Do men and women employers unknowingly imagine that mothers at the workplace are a ‘different’ species, in the sense that they don’t have the caregiver responsibilities to spend the time and energy required to nurture their babies? (I’m not even going into the dismal status of paternity leaves and the superficial sharing of care-giving responsibilities by men in India which is the root cause of burdening the mother.)
Do they assume that what their own mothers did for them when they were babies was not something that the new-age mothers in heels and trousers need to do? Maybe they believe in magic…you know…these working mothers must possess a wand that no one has ever seen, and if not a wand, then at least a doppelganger who performs their non-negotiable tasks of nurture.
Whatever be the reasons of convenience and turning a blind eye to reality, the result of this skewed perception has, over the years, created the “motherhood penalty.” It pains me to even write this expression. It reflects the systematic disadvantages in pay and perception of competence of a young mother in the workplace relative to childless women employees.
It really is time to extend the celebration of Mother’s Day to employers and co-workers vis-à-vis mothers with babies and to-be mothers in their organizations. It’s time for them to reflect on how they perceive them in their organizations, how their thoughts and behavior impact the productivity, morale, and continuity.
Because dear male employers and fellow workers, you’ve enjoyed the nurture and care of your mothers. You celebrate it. You know its necessity and value.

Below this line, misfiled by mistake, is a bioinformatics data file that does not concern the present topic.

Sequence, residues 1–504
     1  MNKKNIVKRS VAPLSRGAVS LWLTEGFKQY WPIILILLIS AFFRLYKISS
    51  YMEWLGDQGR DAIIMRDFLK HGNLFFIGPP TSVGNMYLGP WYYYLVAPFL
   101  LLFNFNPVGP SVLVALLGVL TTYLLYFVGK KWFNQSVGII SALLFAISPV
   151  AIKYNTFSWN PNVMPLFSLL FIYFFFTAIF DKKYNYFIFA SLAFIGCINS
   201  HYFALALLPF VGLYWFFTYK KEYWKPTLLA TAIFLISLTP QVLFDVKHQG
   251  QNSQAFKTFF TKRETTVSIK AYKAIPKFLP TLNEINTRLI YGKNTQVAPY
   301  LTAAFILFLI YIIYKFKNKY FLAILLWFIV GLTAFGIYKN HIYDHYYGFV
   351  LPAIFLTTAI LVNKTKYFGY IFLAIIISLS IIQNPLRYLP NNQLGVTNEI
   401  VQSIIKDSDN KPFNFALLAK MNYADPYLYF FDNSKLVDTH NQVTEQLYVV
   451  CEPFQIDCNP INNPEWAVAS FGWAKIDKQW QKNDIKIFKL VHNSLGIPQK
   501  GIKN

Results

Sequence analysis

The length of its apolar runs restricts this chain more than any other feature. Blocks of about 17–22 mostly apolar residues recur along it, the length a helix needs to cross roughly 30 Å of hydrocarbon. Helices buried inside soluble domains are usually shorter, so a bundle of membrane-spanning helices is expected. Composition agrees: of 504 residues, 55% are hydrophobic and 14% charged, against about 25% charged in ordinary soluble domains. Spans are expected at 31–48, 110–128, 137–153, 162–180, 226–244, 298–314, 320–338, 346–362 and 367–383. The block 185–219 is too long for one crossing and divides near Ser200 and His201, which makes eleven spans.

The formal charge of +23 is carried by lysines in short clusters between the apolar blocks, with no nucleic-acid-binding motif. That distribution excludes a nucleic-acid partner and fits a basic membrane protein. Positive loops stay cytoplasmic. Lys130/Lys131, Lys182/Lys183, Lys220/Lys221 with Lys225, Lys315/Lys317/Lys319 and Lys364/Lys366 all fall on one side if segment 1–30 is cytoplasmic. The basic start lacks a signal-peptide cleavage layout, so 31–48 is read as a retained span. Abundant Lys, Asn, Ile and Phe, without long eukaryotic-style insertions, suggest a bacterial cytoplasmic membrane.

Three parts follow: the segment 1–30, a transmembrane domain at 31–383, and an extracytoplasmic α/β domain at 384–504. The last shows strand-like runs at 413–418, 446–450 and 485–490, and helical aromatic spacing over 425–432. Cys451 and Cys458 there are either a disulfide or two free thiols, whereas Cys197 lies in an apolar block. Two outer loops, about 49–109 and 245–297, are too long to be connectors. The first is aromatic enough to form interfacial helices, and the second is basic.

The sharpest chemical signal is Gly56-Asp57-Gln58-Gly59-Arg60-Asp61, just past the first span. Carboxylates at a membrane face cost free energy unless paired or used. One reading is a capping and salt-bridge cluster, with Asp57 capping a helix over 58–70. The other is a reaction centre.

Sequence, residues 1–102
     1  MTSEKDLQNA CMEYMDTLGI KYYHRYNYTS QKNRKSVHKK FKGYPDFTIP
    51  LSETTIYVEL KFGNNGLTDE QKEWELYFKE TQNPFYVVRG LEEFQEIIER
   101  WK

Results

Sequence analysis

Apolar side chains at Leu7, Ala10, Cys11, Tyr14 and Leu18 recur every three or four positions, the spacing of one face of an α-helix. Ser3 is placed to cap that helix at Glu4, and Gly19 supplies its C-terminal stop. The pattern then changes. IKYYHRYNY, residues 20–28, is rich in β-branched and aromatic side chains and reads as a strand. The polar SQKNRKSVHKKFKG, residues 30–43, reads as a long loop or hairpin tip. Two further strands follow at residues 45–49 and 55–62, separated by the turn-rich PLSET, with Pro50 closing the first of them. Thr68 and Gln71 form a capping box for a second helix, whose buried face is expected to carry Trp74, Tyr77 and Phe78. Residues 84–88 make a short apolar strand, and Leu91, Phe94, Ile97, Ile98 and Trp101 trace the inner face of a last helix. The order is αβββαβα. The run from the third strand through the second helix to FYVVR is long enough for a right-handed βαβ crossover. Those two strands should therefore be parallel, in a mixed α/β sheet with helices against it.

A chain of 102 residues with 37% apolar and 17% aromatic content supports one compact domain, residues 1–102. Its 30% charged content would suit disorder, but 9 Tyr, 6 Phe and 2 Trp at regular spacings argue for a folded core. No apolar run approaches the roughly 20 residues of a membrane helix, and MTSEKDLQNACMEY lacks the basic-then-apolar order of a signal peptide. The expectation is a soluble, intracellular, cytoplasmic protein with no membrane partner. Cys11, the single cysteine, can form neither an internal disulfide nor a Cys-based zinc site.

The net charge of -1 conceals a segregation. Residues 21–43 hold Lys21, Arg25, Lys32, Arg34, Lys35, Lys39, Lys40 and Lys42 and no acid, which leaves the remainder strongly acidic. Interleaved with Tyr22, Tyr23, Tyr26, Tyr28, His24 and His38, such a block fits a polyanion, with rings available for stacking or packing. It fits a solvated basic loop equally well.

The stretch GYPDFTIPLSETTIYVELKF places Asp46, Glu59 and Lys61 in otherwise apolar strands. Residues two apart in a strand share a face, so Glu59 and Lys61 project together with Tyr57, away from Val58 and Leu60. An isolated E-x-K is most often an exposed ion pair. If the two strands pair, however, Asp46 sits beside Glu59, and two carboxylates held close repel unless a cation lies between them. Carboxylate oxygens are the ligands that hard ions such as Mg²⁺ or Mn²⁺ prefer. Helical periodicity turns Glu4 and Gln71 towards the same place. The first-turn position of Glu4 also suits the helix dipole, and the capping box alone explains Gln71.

Dear female employers and fellow workers, either you’ve already experienced the challenges of motherhood and appreciate the unique nature of its difficulties how much ever one may prepare for it, or there’s a possibility that you’ll sail in the same boat sometime in the future.
All of you, men and women, combined, are important members of the social fabric. As employers and bosses, you are in a privileged position to shape its future. It’s time to be sensitive and open mined. It’s time to build a care ecosystem at work that goes much beyond the existence of a crèche and a flexi-work policy barely encouraged in spirit.
If you don’t do any of the above, you are losing the talent in your existing workforce that you’ve recruited after investing much time and money. Look at it like a business problem if that works for you.
Most importantly, you’re crucifying promising careers and dreams. And you’re making motherhood a sour experience because it has come at the cost of losing a job, a job that gave the woman a new identity and independence that comes from earning.
I say, look at the larger picture. Look at it as an empowerment opportunity, a chance to make a difference to society, a chance to build a diverse workforce, a chance to create a humane and happy organization. The profits and goodwill will automatically follow.
I know that changing mindsets takes time. But now on, no employer and fellow worker can hide behind an ‘unconscious’ bias that has led to the creation of motherhood penalty. The penalty exists. There is no excuse for it. It’s time to meet the elephant in the room, head on.
Image source: shutterstock
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Anusha Singh is a lawyer turned corporate communications consultant and writer. She works with organizations